Today Cornish talks about Nanotek’s rebranding strategy, the benefits of the GFC and why he’s taking his business to Russia.
What was the thinking here? From the outside looking in I would have said you had a very effective and well-known brand?
And that’s the very un-encouraging feedback I had from most of the people on the board of the Franchise Council when I did it. Look, I think we’d grown very rapidly and in the first five years of our business we really didn’t have time to sit back and have a really good look not only at ourselves, but the market we were targeting.
I think also when we started the business, what we thought we had on offer was a very different model to what we had five years later. So when the GFC rolled around we were fine in terms of our customer demand, but obviously prospective franchisees became a lot more nervous and it gave us time to actually step back and look at where we’d come and how we were perceived by our market.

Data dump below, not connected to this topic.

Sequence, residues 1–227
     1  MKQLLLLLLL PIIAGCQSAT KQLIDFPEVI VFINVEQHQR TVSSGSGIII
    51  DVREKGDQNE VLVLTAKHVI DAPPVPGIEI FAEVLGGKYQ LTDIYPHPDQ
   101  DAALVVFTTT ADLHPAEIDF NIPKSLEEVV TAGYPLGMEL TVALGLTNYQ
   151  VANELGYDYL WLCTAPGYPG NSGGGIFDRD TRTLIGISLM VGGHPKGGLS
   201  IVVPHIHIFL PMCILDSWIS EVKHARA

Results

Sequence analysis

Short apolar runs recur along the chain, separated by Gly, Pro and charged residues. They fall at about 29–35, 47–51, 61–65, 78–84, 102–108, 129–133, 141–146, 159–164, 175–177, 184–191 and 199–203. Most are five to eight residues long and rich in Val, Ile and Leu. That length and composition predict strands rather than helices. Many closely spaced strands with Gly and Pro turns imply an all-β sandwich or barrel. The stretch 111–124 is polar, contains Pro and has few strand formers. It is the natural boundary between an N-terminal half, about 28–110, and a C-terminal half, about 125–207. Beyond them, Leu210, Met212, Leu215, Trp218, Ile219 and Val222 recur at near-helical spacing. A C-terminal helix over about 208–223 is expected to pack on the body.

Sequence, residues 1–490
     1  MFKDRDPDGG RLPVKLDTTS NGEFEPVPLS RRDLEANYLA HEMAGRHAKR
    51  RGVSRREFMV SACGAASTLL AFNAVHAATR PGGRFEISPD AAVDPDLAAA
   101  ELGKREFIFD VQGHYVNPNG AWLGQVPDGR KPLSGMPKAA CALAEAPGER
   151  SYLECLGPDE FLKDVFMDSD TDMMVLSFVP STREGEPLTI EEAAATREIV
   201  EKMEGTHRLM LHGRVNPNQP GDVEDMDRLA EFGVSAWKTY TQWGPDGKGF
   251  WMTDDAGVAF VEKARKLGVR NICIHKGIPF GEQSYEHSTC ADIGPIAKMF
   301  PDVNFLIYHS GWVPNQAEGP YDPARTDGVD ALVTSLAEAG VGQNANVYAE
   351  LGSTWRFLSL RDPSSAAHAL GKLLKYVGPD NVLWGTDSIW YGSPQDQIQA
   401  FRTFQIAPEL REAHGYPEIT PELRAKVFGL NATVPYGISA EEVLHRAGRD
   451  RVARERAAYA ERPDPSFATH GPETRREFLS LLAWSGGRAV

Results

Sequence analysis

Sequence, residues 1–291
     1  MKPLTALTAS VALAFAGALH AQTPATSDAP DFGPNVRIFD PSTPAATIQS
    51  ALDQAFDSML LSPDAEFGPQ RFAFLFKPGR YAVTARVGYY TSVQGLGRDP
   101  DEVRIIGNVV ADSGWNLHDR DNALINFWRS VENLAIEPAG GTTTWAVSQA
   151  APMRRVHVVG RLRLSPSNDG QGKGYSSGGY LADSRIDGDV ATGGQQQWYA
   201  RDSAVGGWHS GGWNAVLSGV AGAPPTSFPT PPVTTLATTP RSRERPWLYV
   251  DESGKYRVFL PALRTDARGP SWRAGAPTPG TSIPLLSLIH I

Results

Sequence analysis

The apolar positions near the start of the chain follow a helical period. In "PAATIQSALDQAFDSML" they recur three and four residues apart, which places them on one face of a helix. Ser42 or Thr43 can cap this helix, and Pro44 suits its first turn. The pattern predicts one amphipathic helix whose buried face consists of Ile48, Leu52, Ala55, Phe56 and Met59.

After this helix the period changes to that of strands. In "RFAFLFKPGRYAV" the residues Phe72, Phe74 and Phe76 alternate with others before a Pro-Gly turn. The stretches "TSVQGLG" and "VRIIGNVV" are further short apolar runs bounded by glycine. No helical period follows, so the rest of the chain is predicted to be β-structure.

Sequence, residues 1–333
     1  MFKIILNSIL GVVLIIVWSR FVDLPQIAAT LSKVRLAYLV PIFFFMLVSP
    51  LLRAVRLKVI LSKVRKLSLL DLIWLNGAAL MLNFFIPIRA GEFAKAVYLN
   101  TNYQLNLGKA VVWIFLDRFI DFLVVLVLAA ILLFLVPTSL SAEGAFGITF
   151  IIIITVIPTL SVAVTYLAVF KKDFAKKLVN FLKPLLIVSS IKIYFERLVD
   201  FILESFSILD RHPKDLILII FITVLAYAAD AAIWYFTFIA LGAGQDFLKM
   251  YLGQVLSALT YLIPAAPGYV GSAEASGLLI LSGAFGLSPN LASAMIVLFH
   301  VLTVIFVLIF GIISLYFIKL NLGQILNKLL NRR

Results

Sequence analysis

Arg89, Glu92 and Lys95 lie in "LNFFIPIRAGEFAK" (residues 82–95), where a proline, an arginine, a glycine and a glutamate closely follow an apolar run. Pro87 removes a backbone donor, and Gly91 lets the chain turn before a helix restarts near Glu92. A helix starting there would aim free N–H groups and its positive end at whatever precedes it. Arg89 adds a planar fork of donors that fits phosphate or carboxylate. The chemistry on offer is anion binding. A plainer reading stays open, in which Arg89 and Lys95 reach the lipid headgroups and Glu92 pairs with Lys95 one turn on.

What were the underlying changes to the business that you guys saw when you did step back and do that?
What we did was we brought in someone independent which I think was the most essential thing because when you’ve been this close to something for that long you literally can’t see a lot of the things you need to. So we brought in an independent market research company and they ran focus groups with Ecowash customers but also with people that had never used us before.